Filler A memorable patient

The Swan Lady

BMJ 2006; 333 doi: (Published 07 December 2006) Cite this as: BMJ 2006;333:1210
  1. Dick Ashford, consultant clinical oncologist, Mount Vernon Hospital, Chipperfield (dickashford{at}

    It is 1946. A young woman is dying of breast cancer in a side street in Streatham. This is before the days of chemotherapy, and her radiotherapy has badly burnt and scarred her. The family doctor tells her distraught husband that there is no more he can do for her. “If they had not cut into the cancer, she might have survived.” A small girl overhears these words and never forgets them. The doctor leaves, and shortly the young woman dies, with little dignity as, in those days, morphine is used sparingly for fear of addiction.

    Sixty years later, an elderly woman consults her oncologist. For seven years she has lived with breast cancer but has refused treatment. Her disease is now very advanced. She is beginning to lose her concentration, and, realising that her memory is becoming faulty, she decides she had better seek orthodox medical advice for the last time. I examine her and find a huge, fixed, offensive cancer of her left breast. Her liver is grossly enlarged. She is cachectic, and there are skin deposits on her back and abdomen. She dresses.

    Back in the consulting room, I am surprised to find her a sophisticated and attractive lady, quite invisible as a patient behind her clothes. She has a gentle, cultured voice. I ask her what she used to do for a living. After being widowed early and childless, she had given educational lectures all around the country.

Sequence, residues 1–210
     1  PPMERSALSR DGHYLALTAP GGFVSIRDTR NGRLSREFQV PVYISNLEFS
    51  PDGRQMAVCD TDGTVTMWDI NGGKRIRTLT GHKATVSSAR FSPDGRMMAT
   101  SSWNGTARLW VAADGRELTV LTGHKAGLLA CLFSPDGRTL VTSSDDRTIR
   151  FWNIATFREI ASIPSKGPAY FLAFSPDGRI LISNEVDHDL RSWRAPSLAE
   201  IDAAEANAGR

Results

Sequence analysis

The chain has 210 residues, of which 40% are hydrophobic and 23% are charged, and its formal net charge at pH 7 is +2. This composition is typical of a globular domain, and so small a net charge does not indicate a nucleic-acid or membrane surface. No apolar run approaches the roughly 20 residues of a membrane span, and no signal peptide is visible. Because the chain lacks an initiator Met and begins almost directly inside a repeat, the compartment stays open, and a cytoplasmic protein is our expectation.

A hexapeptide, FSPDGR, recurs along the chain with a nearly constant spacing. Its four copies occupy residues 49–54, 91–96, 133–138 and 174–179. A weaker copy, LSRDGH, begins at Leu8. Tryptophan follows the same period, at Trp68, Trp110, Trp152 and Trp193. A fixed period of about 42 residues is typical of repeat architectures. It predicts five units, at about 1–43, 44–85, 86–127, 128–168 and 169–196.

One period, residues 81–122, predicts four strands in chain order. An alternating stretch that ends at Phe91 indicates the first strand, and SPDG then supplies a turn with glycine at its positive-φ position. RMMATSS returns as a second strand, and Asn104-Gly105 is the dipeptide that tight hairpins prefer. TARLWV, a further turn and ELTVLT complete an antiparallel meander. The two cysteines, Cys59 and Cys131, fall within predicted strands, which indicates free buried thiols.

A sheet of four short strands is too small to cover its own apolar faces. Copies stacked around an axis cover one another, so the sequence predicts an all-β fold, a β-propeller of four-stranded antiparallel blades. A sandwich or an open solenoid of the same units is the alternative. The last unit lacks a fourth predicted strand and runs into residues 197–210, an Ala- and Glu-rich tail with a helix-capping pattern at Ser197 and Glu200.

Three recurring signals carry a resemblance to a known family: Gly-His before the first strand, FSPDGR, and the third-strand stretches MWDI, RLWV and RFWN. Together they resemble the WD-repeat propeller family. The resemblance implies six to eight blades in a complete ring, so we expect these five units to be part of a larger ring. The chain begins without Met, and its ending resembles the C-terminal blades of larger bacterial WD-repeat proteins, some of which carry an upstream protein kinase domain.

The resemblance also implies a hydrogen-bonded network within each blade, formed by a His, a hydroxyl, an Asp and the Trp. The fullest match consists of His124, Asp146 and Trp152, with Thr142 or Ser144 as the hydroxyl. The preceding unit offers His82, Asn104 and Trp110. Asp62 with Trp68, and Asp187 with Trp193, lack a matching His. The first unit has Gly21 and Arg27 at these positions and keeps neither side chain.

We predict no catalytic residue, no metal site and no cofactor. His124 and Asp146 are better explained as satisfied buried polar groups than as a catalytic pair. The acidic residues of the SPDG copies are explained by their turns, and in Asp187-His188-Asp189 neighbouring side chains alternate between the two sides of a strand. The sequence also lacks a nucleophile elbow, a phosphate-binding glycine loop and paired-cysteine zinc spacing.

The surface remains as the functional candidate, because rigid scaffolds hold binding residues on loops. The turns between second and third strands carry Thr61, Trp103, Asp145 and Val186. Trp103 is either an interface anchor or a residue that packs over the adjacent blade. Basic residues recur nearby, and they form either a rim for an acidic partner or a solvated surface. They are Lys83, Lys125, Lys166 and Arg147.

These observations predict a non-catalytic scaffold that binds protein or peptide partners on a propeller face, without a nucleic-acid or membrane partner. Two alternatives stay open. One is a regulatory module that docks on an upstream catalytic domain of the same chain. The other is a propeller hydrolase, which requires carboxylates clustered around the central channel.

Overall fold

“What were they on?” I ask her.

    “Many things, but mainly on swans.”

    “What sort of swan?” I go on, fancying myself as a bit of an ornithologist.

    “Mute swans,” she answers.

    “And why swans?”

    “Because swans are such elegant and beautiful creatures. They are greatly harmed by fisherman, and much maligned. They mate for life, take care of their young, and will fight and die for each other.”

    There is nothing I can say. This perceptive, cultured, and sensitive woman has allowed her breast cancer to progress untreated for the past seven years, refusing all conventional treatment, because of what she overheard as a small child 60 years ago. Those words, spoken in ignorance but never doubted by her, were her death sentence, as lethal as any bullet.

    What can we learn from the Swan Lady? To take care what we tell our patients and to remember the power our words can have. Sometimes our greatest strength, like the swan, is in silence.

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